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Crude falls as U.S. stockpiles rise more than expected

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Investing.com - Oil prices dropped in afternoon U.S. trading on Wednesday after official data revealed that U.S. inventories posted hefty increases last week, disappointing investors hoping for modest gains.

On the New York Mercantile Exchange, light, sweet crude futures for delivery in April traded at USD89.71 a barrel on Wednesday, down 1.22% and off from a session high of USD91.17 and up from an earlier session low of USD89.57.

U.S. supply data served as the commodity's chief steering current on Wednesday, prompting a selloff despite otherwise bullish data from the U.S. labor market.

The U.S. Energy Information Administration said in its weekly report that U.S. crude oil inventories rose by 3.8 million barrels in the week ended March 1, well beyond market calls for an increase of 526,000 barrels.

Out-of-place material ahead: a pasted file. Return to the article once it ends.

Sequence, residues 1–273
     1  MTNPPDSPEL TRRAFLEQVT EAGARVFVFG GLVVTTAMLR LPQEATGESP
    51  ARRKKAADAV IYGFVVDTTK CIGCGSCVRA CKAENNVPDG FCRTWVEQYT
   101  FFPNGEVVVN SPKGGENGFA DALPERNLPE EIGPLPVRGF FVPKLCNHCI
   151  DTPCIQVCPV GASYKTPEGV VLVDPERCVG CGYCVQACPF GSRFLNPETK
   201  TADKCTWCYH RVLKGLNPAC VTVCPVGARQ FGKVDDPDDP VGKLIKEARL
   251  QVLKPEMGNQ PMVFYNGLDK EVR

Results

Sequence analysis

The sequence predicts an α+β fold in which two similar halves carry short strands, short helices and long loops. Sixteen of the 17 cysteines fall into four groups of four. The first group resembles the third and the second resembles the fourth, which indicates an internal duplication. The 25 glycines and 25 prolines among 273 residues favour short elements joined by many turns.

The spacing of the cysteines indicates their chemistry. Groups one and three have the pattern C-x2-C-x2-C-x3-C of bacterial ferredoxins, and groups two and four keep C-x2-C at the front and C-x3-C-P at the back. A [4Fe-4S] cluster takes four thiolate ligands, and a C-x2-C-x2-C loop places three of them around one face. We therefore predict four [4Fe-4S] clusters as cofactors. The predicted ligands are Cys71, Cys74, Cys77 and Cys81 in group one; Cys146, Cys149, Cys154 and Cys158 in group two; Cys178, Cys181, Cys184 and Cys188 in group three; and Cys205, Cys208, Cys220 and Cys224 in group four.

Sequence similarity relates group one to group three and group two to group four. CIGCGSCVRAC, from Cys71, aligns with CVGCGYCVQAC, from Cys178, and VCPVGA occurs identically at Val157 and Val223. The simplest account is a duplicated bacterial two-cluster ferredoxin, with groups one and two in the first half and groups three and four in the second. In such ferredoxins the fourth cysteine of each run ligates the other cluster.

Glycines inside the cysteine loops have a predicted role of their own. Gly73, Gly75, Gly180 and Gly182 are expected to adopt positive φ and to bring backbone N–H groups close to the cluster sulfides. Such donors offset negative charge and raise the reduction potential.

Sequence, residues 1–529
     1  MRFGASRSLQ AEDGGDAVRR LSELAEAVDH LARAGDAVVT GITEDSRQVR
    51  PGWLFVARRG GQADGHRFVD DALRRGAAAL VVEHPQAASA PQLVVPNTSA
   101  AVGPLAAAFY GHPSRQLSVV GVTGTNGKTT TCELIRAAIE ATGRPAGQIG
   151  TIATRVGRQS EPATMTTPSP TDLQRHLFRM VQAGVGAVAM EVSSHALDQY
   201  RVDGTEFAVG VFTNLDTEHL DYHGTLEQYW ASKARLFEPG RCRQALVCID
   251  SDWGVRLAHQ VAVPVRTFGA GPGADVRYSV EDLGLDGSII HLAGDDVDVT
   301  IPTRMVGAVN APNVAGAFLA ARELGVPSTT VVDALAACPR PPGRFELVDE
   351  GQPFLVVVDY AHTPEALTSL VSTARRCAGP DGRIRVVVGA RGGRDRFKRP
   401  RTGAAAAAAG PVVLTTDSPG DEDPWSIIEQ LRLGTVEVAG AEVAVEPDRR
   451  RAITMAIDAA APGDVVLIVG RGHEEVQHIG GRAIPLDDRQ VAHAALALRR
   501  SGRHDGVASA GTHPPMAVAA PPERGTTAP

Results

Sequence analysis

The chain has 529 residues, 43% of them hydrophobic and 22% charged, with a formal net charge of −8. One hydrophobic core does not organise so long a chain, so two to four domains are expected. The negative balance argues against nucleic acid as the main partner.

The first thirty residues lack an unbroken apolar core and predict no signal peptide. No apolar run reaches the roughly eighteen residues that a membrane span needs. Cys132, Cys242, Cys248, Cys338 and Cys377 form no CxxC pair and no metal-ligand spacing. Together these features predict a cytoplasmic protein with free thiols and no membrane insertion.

Total U.S. crude oil inventories stood at 381.4 million barrels as of last week, well above the upper limit of the average range for this time of year.

Total motor gasoline inventories, meanwhile, decreased by 616,000 barrels compared to expectations for a decline of 700,000 million barrels.

Oil prices dropped despite payroll processor ADP's report that private-sector, non-farm payrolls rose by 198,000 in February, beating expectations for an increase of 170,000.

January's figure was revised up to a gain of 215,000 from a previously reported increase of 192,000.

Elsewhere, the U.S. Census Bureau reported that factory orders fell by 2% in January, less than market calls for a drop of 2.2%.

Elsewhere on the ICE Futures Exchange, Brent oil futures for April delivery were down 0.95% at USD110.55 a barrel, up USD20.84 from its U.S. counterpart.

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The views and opinions expressed herein are the views and opinions of the author and do not necessarily reflect those of Nasdaq, Inc.

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